Scout Camps Recovering
from Hurricane Katrina

From an email on Scouts-L - Used with Permission

The Forest Service, Bay-Lakes Council (WI) and National Capital Area Council (DC) worked together in the months immediately after Katrina to bring back Camp Tiak (Pine Burr Area Council) in southern Mississippi. In exchange for rent-free use of the forward property by the Forest Serve as its staging area for its own clean-up work, the Service cleared the camp's interior road system.

When our church group was working in Gulfport, four weeks after landfall, "Scoutmaster" John Kelley of Troop 301 (the guy who daily made us pancakes for breakfast and received his Silver Beaver two years ago) drove me to Tiak on our Sunday afternoon "off-day" to look around, take video and shoot pictures, so we knew what we had to deal with.

Bay-Lakes was able to secure about $30K in donated equipment and tools, delivered in late October so NCAC's crews could finish removing fallen trees and limbs. We also were able to deliver surplus tents, sleeping bags and other scouting equipment to distribute to units in need. Based on my visit to the late-September Spanish Trail District roundtable meeting during that work trip, every unit was in need; at least those which could be accounted for. The whereabouts for units in Waveland/Bay St Louis nearest landfall were unknown.

Over the Christmas break, Bay-Lakes chartered two coach buses and sent nearly 120 scouts and adult volunteers, including a group from Chippewa Valley Council in west central WI, for two days. Teams cleared brush, cats pushed it back into the woods. Teams tore off roofs, replaced rafters and subroofing, put on new roofs. One team rebuilt the waterfront storage shed. Arrowmen taught merit badge classes and led a last-evening-in-camp campfire. A Webelos leader tearfully told our SE how grateful she was for the donated supplies so she could bring her unit to the annual Winter Camp. the NYLT campers led a midweek service. We brought brats, donated from Johnsonville, and they served us catfish and hush puppies. We brought cash, raised during the four months between landfall and our worktrip, to help fund other repairs. The ranger, John Wooten, was impressed, expecting us to accomplish only about 1/4 of what we actually got done.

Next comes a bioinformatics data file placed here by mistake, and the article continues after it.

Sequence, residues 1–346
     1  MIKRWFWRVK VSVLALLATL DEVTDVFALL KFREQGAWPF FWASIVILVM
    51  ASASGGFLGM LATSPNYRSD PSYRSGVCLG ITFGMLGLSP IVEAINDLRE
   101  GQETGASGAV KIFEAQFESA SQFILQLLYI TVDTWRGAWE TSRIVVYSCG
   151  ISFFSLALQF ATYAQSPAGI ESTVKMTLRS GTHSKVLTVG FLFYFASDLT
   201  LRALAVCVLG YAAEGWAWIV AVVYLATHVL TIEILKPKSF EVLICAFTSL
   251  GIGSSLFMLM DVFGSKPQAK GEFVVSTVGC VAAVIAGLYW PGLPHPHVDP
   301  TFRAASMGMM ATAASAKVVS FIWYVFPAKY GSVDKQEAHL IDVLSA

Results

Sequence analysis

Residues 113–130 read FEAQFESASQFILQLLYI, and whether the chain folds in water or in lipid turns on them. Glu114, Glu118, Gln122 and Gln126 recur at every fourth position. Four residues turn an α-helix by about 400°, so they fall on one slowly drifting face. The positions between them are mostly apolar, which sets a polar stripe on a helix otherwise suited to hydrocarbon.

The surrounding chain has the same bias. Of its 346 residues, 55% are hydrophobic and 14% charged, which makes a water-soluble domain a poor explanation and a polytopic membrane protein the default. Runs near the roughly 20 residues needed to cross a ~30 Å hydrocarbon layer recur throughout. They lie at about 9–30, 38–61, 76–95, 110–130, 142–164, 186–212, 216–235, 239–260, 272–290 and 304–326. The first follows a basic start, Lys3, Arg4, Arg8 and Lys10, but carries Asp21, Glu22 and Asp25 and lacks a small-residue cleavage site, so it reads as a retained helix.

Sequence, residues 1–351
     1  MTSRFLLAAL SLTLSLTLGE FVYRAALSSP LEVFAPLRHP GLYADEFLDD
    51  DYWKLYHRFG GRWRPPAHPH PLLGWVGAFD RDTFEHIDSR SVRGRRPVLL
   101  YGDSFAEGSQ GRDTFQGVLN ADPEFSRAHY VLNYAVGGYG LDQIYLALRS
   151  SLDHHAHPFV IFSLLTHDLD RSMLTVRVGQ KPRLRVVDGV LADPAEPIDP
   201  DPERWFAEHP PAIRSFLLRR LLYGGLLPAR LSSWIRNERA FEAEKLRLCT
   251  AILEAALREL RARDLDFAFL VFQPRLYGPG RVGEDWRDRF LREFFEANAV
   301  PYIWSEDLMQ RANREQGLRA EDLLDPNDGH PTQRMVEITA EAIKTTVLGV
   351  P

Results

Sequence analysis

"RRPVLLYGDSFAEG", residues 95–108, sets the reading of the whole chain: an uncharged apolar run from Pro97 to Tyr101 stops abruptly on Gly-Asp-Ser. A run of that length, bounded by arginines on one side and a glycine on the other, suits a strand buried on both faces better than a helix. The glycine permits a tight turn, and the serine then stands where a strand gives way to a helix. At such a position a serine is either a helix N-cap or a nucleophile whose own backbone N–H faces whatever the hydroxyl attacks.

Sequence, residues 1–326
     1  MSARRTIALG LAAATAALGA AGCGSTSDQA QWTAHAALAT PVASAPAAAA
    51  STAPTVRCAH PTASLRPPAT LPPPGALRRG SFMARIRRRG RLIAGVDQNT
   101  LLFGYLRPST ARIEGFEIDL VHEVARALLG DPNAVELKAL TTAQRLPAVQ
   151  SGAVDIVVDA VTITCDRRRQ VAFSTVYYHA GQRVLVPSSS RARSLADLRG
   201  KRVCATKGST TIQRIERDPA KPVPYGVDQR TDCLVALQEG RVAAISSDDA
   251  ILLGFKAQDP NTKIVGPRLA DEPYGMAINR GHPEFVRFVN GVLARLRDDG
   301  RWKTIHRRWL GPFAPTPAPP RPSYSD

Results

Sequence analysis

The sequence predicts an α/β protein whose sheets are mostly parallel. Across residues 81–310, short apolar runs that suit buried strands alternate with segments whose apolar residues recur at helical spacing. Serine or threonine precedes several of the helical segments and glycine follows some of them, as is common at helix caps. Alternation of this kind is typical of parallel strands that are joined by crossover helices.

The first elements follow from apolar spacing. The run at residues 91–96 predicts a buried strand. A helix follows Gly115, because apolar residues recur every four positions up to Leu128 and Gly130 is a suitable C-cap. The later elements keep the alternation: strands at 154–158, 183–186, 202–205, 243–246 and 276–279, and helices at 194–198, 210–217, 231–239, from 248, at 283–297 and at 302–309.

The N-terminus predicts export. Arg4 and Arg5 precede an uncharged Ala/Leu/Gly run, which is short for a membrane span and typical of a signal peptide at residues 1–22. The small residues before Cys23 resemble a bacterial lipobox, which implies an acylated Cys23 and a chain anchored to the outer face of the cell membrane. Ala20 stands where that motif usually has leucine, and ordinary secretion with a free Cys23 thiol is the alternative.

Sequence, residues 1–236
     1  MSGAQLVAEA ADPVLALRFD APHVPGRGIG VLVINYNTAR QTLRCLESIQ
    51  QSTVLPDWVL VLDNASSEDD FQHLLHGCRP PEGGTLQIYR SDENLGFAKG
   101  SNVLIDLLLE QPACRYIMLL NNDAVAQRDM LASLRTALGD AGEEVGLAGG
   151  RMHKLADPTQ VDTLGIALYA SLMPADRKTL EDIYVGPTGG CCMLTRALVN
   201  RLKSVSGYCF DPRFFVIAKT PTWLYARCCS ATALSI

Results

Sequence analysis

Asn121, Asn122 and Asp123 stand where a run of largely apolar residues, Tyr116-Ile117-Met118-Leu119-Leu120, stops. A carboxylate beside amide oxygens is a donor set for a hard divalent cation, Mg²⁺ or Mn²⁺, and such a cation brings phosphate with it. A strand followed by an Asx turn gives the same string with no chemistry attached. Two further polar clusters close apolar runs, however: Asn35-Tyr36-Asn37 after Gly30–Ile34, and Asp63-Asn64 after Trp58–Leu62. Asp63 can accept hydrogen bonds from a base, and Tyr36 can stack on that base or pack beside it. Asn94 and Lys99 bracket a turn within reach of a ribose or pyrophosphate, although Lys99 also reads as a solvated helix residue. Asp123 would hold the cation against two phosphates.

We brought the SE and Council president to Wisconsin for our annual dinner in spring 2006 and they reported that Camp Tiak was back, ready to put on a complete summer program. Sadly, a tornado took out part of the dining hall, one of two structures Katrina and a side tornado left untouched, and camp closed a week early. But when I brought another work team to Gulfport during Christmas break 2006 and we delivered another round of tents and supplies, the dining hall was fully repaired and operating for winter camp again.

Most of this didn't make Scouting Magazine because of the long lead times, but we kept sending updates to BSAnews. Camp Tiak was and is back and still running a summer camp for the Boy Scouts during the month of June!

Yours In Scouting,
wpkraft, Chaplain
Twin Lakes District, Bay-Lakes Council
Troop 615, Oshkosh
Bobwhite, C-09-02

I like to see a man proud of the place in which he lives.
I like to see a man live so that his place will be proud of him.

Abraham Lincoln

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